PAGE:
Don’t be afraid to be silly. Sometimes laughter really is the best medicine. Embrace the ridiculous situations that often present themselves to you as a new parent; projectile poo/wee whilst changing a nappy; thinking you could get a quick quiet coffee only for your baby to howl down the café, the list is long…Try to laugh about them. Or, if you find that difficult, get your laughs in watching a TV programme you love or a clip of your favourite comedian on social media. Whatever it is, laughter can break through the tension. It always feels good to giggle. Find comfort in the little things. 

Cuddle your partner as well as your baby

Having an addition to the family can be isolating for a partner, especially if you’re night feeding in another bedroom. Physical contact is so important. Get close, enjoy a hug. If you’re a single parent, don’t underestimate the strength of an embrace from a friend. Sometimes, it really is the little things that make all the difference.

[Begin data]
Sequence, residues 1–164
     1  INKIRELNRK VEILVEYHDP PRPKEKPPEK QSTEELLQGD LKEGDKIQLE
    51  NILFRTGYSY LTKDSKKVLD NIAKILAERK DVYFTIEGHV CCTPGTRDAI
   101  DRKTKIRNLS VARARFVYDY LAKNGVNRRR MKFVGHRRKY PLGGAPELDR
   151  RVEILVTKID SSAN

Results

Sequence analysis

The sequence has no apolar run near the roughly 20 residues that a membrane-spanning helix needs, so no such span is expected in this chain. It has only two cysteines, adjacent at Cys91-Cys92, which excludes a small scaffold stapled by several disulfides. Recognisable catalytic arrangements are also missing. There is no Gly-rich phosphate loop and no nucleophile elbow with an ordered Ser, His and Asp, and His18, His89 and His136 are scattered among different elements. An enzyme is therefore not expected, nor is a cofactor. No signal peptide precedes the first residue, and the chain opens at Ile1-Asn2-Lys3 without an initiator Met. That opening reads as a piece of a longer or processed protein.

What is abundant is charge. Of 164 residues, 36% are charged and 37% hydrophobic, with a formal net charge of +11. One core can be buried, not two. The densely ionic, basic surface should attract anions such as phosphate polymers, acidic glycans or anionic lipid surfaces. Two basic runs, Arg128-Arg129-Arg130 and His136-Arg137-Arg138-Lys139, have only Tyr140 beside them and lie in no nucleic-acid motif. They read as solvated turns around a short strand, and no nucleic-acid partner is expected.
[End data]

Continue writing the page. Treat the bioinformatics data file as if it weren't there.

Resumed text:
Sleep, whenever, wherever.

As discussed in our first blog post, there are no-points for martyrdom in the sleep stakes. Get it whilst you can. Forget household chores and put your head down, even if it’s just for 10 minutes for a quick refresh. Clinical studies have shown that a nap of less than half an hour in the day promotes wakefulness, enhances performance and learning ability.

Writer and memoirist Amy Liptrot regularly extolls the restorative effect of a stolen ‘wild sleep’ with her young children. Or, join the army of parents who sleep in cinema matinee performances. Whatever it takes, you’ll be much more capable of completing your to-do lists if you’ve had more sleep. Forget the pressures of being productive and remind yourself how much you’re taking care of yourself getting in all the sleep you can.